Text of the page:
A new initiative launched on Thursday by the British Embassy in Madrid aims to capitalize on the so-called "brain drain" by linking up scientists that have moved abroad.
The new British Scientists in Spain (BSS) Network establishes a communications platform between the British and Spanish scientific communities.
"There are a huge number of Spanish scientists that have gone to Britain to follow research opportunities but there are also some British scientists who have moved the other way," Sara Cebrián, the science and innovation attaché at the British Embassy in Madrid told The Local.
"This project aims to strengthen collaboration between them all, for the benefit of both countries and the scientific world as a whole." she said.
Spain has experienced a brain drain during the economic crisis, losing many of its researchers to institutions and companies abroad as austerity policies saw drastic cuts in public funding.
But, according to Cebrián, Spain still retains many areas of expertise that are ripe for collaboration.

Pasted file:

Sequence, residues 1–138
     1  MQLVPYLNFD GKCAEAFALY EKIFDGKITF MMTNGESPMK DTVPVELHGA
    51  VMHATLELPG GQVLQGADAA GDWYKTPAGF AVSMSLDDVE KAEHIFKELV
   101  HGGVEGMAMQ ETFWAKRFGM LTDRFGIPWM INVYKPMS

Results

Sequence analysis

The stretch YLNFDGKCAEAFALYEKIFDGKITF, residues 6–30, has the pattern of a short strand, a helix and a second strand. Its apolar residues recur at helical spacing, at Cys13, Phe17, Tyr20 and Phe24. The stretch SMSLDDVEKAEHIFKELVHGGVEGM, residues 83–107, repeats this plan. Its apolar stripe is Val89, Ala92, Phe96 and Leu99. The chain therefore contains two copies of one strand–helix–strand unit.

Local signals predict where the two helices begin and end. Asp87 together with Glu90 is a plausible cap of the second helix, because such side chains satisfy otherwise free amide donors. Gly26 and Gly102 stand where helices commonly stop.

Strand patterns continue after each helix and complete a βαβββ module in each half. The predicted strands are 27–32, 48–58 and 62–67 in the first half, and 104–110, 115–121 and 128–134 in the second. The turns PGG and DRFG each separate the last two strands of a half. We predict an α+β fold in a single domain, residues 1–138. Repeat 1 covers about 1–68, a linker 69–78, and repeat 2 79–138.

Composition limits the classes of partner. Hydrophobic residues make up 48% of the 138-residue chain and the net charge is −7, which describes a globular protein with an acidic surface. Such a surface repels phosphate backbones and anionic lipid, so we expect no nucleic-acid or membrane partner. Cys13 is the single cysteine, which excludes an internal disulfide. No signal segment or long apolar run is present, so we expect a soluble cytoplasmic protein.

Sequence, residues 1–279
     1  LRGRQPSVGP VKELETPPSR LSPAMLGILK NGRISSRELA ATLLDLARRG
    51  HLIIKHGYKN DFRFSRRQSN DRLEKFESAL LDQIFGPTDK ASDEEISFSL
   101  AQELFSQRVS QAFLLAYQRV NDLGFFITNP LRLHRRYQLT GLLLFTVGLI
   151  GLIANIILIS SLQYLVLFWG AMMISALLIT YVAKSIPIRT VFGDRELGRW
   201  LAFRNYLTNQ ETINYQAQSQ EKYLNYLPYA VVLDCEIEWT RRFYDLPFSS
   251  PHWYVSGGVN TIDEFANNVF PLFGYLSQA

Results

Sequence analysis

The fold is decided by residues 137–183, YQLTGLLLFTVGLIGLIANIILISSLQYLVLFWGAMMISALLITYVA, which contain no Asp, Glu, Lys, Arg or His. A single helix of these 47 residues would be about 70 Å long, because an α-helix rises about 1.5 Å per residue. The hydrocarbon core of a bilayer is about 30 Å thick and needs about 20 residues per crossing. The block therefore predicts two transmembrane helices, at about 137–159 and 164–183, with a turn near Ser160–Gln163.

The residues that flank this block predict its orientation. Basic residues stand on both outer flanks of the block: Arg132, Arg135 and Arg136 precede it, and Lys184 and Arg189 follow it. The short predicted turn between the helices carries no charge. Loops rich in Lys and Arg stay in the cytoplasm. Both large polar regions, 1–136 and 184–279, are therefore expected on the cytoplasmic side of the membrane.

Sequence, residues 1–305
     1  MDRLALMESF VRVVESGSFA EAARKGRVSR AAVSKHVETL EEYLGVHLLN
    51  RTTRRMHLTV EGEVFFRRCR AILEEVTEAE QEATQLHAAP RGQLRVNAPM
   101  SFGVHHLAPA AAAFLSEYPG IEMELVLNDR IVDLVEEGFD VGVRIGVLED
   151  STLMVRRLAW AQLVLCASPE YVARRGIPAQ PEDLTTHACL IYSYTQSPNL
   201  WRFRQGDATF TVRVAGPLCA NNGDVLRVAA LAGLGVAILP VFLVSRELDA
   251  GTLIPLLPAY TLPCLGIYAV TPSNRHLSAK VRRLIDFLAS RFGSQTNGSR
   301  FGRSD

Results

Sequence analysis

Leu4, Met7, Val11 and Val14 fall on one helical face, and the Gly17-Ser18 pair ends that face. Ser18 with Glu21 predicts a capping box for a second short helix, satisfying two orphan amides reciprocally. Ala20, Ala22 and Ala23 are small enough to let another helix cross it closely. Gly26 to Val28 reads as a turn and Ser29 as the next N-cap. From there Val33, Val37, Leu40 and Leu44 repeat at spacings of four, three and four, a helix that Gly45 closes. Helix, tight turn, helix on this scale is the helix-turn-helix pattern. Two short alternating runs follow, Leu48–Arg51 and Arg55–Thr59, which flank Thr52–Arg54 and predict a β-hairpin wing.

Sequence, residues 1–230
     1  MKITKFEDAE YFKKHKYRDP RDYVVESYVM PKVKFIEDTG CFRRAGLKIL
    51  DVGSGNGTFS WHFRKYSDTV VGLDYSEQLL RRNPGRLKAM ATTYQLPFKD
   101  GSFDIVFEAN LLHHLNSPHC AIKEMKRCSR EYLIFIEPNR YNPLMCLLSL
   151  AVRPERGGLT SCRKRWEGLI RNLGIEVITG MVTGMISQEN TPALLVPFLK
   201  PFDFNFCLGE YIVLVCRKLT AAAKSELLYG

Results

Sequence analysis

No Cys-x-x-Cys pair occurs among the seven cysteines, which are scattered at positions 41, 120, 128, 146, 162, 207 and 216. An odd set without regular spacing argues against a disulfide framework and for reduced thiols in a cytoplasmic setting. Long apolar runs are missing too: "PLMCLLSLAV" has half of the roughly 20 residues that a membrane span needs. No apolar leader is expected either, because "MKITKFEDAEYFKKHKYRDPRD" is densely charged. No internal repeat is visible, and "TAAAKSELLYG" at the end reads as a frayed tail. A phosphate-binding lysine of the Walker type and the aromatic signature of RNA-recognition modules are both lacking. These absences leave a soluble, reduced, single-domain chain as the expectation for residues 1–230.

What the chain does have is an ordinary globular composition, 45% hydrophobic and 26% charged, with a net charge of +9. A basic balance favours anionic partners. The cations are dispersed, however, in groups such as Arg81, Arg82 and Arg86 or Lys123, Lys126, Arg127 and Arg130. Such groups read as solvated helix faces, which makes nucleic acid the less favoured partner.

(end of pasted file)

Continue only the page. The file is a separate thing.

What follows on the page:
"Spain has made huge leaps in areas such as renewable energy, agri-technology and in the 'new materials' sector so we are working to boost partnership in those areas."
The field of biomedical research is also an area where bridges can be made.
"Our job is to promote scientific innovation and there are certain areas where there can be an obvious link up between the UK and Spain. The field of dementia research for example is a pet project of Prime Minister David Cameron, and one that is seen as a global problem that we can unite efforts to tackle,” explained Cebrián.
The project, which has the support of the Spanish Foundation for Science and Technology, (FECYT) will see the creation of a dedicated LinkedIn group that will be used as a tool to spot bilateral co-operations opportunities.
Simon Manley, the British ambassador to Madrid, emphasized the importance of collaborative endeavour.
"Successful collaboration lies at the heart of successful science," the ambassador said as launched the initiative on Thursday with a reception at his residence.
"And investing in science is absolutely essential in building a stronger economy," he said.